Her shoes were on the closet floor, neatly lined up. I could see where her toes had merged with the leather and left toe outlines. I could see where her heels had pressed into the inner lining.
In the pockets of every jacket, coat, bathrobe and apron I found wads of linty, used tissue. Didn't she know that paper tissue was invented to be, unlike cloth handkerchiefs, disposable? To my mother, if there was an unused corner on a tissue, it was wasteful — extravagant, even — to just throw it away. There were wads of tissues in her purses as well.
I had recently bought myself a gray leather purse, hoping it would pass for a neutral color. I got tired of changing purses every time I changed outfits. I took my purse home to Michigan when my dad called to say he needed the three of us kids to be there with him; my mother had been diagnosed with cancer. Mother had from six weeks to six months to live.
I was the first to arrive. Because she couldn't breathe when lying down, Mother slept sitting up in the brown upholstered rocking chair that had seemed old even when I was young. I slept on the floor beside her chair, so she would not be alone when she awakened, which was frequently. When she couldn't sleep, I read to her or simply held her hands while we sat silently together, each with our own imaginings of what would come next.
The next morning, my father and I took my mother to the doctor's office. A needle, inserted into her back, extracted fluid from the space between her lungs and her chest wall. She could breathe more freely, and we took her home to sleep.
When my sister arrived, she and I left to do some grocery shopping so we would have something to feed to all of the family members who were coming to say goodbye. When we got back we were astounded to find our mother in the family room, music blaring, practicing her square dance steps.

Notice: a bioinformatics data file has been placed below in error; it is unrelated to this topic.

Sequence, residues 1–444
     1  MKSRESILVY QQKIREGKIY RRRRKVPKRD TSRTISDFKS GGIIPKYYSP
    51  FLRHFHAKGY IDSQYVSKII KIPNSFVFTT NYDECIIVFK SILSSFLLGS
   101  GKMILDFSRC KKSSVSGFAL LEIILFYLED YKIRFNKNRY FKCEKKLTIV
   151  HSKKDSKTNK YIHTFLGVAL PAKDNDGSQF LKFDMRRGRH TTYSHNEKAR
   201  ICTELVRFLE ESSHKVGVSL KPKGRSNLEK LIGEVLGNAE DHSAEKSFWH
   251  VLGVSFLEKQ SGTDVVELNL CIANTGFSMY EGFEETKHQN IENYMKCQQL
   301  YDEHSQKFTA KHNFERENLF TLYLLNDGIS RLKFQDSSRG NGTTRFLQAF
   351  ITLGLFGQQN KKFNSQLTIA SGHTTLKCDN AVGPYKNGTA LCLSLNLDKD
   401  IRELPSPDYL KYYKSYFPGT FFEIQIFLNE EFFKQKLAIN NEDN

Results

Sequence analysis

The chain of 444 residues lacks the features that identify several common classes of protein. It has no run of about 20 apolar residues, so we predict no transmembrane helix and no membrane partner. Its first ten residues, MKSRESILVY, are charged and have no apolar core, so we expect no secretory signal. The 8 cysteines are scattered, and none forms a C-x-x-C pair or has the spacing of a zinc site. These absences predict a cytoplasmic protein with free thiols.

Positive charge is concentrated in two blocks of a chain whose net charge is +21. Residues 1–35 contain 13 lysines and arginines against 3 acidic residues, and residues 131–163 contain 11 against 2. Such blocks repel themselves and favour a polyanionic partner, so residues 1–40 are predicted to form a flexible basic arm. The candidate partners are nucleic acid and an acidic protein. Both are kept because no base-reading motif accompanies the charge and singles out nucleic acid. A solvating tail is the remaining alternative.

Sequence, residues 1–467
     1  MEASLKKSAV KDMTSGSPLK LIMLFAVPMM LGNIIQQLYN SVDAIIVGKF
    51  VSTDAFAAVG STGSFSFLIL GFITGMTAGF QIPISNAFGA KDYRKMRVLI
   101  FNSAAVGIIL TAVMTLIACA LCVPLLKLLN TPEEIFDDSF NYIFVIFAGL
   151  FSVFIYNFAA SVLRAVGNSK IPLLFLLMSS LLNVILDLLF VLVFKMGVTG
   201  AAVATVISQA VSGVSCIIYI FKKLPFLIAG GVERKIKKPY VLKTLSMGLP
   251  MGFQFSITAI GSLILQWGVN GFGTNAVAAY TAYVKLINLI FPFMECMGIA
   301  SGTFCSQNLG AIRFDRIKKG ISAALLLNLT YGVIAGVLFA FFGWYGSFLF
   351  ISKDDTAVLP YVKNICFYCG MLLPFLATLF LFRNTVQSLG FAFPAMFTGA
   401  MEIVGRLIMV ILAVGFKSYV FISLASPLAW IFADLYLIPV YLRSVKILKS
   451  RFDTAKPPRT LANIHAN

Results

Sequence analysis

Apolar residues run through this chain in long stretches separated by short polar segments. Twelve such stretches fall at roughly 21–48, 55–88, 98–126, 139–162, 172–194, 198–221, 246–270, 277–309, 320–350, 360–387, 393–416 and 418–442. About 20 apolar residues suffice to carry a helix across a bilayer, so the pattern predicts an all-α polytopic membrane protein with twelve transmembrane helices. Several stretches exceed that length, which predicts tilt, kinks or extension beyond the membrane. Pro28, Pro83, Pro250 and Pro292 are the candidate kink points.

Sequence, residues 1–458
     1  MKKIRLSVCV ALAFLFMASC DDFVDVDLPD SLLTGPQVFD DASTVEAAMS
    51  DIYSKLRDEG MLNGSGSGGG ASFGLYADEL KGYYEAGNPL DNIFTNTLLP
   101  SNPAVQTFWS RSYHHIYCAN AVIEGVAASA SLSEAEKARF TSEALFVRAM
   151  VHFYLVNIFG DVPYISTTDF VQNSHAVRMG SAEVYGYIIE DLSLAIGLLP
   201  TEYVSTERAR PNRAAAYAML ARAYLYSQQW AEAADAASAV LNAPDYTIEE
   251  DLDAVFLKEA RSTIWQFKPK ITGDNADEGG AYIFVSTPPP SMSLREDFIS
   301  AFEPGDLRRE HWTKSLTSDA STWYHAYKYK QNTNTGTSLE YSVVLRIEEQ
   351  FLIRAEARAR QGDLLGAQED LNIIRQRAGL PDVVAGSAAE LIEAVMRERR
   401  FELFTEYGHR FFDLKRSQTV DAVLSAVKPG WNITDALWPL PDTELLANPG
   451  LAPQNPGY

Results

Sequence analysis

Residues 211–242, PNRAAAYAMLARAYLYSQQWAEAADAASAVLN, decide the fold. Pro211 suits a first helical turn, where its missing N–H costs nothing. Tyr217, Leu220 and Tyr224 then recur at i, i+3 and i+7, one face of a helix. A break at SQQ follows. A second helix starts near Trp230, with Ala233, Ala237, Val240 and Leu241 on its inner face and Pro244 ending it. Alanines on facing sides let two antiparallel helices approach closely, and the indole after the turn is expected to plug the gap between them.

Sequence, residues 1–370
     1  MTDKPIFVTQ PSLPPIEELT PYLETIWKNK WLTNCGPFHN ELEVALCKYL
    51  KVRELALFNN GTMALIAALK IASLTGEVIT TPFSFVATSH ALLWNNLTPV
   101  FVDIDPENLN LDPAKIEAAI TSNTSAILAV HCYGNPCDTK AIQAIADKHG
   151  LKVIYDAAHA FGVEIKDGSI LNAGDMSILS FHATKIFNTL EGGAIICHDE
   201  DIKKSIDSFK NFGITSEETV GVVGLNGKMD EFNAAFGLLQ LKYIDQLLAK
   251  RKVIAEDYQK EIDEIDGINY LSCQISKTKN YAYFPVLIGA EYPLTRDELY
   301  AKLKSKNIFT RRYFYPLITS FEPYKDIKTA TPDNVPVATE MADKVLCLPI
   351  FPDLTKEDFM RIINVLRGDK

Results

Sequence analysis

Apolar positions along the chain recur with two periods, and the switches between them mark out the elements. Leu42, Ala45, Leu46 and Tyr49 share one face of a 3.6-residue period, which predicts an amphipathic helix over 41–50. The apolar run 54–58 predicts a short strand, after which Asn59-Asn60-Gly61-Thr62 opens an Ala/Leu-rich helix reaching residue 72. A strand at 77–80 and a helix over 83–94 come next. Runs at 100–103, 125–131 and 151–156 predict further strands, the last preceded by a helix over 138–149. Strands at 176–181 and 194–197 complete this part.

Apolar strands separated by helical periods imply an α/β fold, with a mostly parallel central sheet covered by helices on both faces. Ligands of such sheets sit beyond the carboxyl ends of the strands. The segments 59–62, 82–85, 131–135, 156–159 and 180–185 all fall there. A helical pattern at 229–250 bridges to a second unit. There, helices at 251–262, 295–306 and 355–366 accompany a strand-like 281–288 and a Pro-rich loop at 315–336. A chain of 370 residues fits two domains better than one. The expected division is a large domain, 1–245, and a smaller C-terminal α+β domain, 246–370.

"Mother! What are you doing?" we asked almost simultaneously.
"I feel good," she said, "and I want to go shopping. I want a purse like yours."
She wanted a purse like mine? Why now, when she didn't need the durability of good leather? Why now, when it would be forever nearly new? Why now, when she would die before the new leather smell wore off? I wouldn't have been more surprised if she had marched into Habicht's Ford dealership, grabbed Bob Habicht by the sleeve, pointed to the ivory-colored Lincoln Continental on the showroom floor and said, "I'll take it!"
So purse shopping we went, and she bought herself a gray leather purse very much like mine. I still wonder why she had waited until she got a death sentence before she started treating herself nicely, occasionally buying something expensive instead of being so painfully frugal. Maybe she finally realized, What's the point of saving it? I'm going to die soon anyway. She didn't have to worry anymore about how long she'd have to make their retirement money last; she knew at least her part of the equation.
That gray leather purse and all of her shoes were among the very first of my mother's things I gave to Goodwill. I couldn't stand to see where her feet had been, and I couldn't stand to see the nearly new reminder of waiting too long for the good stuff.
Kayt Kennedy is a freelance writer who lives in Safety Harbor.